Though less well-known internationally than the other major directors of the Australian New Wave, the late Tim Burstall may have been the most Australian of the bunch (despite having been born in England), making popular comedies and dramas that captured the spirit of the times and drew large local audiences as a result. (See also Petersen.) The first film to emerge from Burstall’s influential Hexagon production company—a joint venture between the filmmaker and the Roadshow distribution enterprise—Alvin Purple is a ribald sex farce whose title character (hilariously well played by Graeme Blundell) discovers from an early age that he has an unusual condition: despite rather ordinary looks, he is irresistible to women from all walks of life, including the psychiatrist (Penne Hackforth-Jones) he goes to see at the suggestion of his girlfriend. Released in the U.S. under the title The Sex Therapist, Alvin Purple was scorned by critics at home and abroad, but shattered the all-time local Australian box-office record previously held by They’re a Weird Mob—a record it continued to hold for the next five years.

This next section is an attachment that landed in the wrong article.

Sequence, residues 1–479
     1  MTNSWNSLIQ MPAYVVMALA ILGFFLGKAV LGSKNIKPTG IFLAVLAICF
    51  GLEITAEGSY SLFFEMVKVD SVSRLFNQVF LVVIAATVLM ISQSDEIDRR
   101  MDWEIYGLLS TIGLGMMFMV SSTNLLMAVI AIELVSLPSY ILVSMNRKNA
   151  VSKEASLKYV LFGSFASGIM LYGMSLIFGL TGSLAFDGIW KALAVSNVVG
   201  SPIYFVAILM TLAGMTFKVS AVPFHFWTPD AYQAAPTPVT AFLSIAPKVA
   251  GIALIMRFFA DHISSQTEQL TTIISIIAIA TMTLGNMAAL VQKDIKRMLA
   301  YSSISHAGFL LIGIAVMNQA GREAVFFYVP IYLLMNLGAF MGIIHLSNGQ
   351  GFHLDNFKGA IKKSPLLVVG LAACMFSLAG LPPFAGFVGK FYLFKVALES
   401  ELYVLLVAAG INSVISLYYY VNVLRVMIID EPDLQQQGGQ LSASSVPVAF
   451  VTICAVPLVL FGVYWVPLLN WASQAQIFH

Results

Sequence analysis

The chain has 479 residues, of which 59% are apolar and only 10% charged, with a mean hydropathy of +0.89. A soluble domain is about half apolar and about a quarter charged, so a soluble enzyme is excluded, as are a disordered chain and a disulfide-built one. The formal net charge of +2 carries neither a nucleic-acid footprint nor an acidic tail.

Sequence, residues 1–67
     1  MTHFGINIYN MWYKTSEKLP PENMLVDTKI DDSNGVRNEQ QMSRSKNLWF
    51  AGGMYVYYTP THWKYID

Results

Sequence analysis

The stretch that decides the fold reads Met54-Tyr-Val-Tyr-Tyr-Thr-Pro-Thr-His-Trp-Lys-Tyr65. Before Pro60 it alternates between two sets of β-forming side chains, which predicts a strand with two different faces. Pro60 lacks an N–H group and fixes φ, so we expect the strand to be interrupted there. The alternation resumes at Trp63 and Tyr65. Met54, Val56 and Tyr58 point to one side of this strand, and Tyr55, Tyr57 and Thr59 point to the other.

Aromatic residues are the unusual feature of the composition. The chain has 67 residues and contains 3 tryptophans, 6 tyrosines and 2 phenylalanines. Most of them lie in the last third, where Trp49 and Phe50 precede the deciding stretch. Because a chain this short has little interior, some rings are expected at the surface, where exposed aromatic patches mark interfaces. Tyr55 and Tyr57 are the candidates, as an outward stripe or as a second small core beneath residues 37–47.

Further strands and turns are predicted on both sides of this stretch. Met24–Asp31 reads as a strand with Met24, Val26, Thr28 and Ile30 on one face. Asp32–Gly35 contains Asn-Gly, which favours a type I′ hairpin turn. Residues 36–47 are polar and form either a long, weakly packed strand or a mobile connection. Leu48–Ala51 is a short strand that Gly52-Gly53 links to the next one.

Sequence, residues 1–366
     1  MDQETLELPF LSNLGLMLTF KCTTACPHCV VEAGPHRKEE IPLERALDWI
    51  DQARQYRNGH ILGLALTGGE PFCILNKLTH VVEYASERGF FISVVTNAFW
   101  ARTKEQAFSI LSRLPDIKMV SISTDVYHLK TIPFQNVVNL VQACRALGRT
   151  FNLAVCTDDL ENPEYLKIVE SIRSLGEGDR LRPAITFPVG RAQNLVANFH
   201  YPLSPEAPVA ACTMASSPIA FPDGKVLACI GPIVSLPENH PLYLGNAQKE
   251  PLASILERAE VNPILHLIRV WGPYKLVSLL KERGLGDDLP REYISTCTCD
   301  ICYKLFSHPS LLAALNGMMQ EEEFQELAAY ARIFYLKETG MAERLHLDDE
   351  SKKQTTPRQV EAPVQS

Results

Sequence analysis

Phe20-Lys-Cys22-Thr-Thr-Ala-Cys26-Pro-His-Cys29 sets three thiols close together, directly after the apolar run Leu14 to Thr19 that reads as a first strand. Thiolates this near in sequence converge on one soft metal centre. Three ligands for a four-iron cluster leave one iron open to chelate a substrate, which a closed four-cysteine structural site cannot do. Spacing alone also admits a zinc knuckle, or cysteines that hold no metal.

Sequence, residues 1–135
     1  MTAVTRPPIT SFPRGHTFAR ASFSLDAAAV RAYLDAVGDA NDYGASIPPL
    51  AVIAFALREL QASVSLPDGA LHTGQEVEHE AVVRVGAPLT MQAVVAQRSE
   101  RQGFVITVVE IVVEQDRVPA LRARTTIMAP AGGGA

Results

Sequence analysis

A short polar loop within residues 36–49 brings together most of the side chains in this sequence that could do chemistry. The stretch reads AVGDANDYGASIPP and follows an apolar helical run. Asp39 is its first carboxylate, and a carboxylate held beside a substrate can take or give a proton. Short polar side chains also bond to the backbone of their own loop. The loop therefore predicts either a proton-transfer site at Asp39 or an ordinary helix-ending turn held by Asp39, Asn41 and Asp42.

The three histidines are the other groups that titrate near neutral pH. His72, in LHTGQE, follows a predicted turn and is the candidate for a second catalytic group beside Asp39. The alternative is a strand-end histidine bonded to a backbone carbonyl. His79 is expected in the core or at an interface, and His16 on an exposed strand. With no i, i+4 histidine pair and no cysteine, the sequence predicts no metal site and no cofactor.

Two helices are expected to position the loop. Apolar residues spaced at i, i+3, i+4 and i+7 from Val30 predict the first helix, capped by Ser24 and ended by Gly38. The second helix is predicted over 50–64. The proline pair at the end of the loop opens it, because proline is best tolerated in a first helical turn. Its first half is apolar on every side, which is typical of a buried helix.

Print courtesy of the National Film and Sound Archive of Australia’s Kodak/Atlab Collection.